Your Guide To A Healthy Spleen & The Importance

Your Guide To A Healthy Spleen & The Importance by Leela Klein

 

The Spleen, from a Chinese medicine point of view, is responsible for digesting food and converting it into energy (Qi), similar to the way the pancreas releases insulin to allow the body’s cells to absorb ingested glucose, providing the cells with energy. Unlike the pancreas, however, the Spleen is also responsible for providing warmth and vitality to the body, providing energy for immune function and the mental energy to produce industrious and creativity work.

Unfortunately, periods of prolonged stress, unhealthy or irregular eating habits, cold weather, cold food and mental over-work (e.g. studying for exams) can tax and damage the Spleen, causing a condition called Spleen Qi deficiency. This condition is characterised by loose stools, fatigue, decreased immunity and weakened digestion, such as bloating and gas.

From an emotional perspective the Spleen is related to worry and overthinking. This means that a weak Spleen can result in overthinking, and that overthinking can also lead to declining Spleen functions.

In order to protect your Spleen, prevent Spleen Qi deficiency and optimise your digestion, here are some recommendations:

  1. Eat warm, cooked meals: Food that is warm and cooked decreases the work of the digestion system, which must warm up food and break it down. Precooked and warmed foods, such as soups, stews and curries, are more easily absorbed and create less work for the Spleen. Avoid raw, cold foods, which are more difficult to digest.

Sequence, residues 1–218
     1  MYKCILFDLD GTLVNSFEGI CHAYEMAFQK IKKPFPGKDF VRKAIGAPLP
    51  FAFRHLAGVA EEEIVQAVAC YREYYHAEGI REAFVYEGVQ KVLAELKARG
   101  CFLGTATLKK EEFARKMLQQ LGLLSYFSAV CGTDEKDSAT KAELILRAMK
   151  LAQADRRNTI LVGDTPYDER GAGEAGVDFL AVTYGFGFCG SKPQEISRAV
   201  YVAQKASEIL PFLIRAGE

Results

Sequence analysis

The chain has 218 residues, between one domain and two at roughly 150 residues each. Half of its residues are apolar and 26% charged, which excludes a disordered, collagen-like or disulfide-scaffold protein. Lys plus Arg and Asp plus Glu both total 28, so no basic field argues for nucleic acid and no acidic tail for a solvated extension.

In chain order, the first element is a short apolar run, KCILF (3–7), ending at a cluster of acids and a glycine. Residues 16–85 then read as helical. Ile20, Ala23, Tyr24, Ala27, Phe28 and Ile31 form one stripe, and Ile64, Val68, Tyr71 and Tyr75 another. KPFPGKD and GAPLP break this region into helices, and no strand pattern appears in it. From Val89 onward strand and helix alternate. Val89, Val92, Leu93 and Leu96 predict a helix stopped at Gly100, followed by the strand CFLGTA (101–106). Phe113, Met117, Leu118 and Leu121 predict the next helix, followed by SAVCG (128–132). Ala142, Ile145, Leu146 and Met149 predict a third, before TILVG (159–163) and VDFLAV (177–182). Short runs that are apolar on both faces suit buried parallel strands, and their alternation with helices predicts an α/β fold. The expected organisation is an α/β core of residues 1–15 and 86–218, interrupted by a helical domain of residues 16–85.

2. Promote digestive fire: Having some raw ginger before or during meals or adding warming spices such as black pepper, ginger, cardamom and cinnamon to food helps increase the Spleen’s ability to digest food properly. Eating pungent foods such as onions, leeks, fennel and garlic also help increase the body’s digestive fire.
  3. Eat slowly and mindfully: Taking the time to relax during meal times and properly chewing food reduces the amount of work that the digestion organs must do in order to break down food. Relaxing the mind and body during meal times activates the “rest and digest” parasympathetic nervous system, which optimizes the body’s ability to properly digest food. The Spleen is not only responsible for digesting foods but also our thoughts, hence it is important to concentrate on your meal whilst eating and avoid reading, and looking at screens as the Spleen can only digest one thing at a time, food or thought processes.
  4. Eat frequent and regular meals: Small, frequent meals are more easily digested than large, heavy ones. Proving the body with energy in the form of food every few hours or so prevents blood sugar crashes and weakness. Eat at regular times and avoid eating late in the evening.
  5. Eat carbohydrate-rich vegetables: Seasonal, well-cooked root vegetables such as winter squash, carrot, rutabaga, parsnip, turnip, sweet potato, yam, pumpkin, and legumes such as garbanzo beans, black beans and peas are easily digested and nurturing to the digestive system.